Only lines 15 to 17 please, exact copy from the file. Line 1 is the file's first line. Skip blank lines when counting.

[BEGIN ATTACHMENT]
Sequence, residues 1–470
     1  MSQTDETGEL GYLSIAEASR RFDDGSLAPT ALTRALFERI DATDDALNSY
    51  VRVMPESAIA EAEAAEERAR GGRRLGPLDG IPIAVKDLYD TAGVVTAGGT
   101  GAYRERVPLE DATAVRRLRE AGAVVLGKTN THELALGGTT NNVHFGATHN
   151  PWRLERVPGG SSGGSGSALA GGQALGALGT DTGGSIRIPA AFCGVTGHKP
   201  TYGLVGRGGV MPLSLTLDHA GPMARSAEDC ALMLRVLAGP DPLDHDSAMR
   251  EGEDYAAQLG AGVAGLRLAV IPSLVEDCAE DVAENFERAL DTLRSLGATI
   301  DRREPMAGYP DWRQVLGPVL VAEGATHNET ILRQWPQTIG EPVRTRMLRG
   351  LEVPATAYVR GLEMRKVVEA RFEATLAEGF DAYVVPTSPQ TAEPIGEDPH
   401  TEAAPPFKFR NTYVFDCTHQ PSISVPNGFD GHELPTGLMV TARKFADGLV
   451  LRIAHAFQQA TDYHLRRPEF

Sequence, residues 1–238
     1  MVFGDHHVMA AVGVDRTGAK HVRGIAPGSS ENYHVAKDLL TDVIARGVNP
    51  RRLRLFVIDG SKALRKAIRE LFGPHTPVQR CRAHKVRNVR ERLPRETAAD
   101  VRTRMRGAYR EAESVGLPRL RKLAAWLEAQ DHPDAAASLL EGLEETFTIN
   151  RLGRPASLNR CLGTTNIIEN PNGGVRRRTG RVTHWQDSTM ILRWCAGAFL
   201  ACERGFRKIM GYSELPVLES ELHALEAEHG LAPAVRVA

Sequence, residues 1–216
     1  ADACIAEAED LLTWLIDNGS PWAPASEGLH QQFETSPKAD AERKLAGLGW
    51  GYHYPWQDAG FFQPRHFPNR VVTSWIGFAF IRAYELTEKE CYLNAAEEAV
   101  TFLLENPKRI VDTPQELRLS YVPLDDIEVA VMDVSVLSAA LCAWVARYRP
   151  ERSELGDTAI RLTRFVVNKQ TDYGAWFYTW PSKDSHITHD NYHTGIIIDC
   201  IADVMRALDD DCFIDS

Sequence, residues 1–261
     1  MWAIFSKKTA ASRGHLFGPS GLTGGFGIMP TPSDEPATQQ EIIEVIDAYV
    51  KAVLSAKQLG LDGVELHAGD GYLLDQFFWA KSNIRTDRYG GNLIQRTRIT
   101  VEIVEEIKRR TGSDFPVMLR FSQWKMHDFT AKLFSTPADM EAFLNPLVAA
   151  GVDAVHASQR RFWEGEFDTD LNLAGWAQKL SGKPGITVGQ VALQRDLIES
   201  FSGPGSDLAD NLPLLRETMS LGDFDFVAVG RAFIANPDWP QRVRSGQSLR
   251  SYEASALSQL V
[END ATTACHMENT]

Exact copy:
   101  VRTRMRGAYR EAESVGLPRL RKLAAWLEAQ DHPDAAASLL EGLEETFTIN
   151  RLGRPASLNR CLGTTNIIEN PNGGVRRRTG RVTHWQDSTM ILRWCAGAFL
   201  ACERGFRKIM GYSELPVLES ELHALEAEHG LAPAVRVA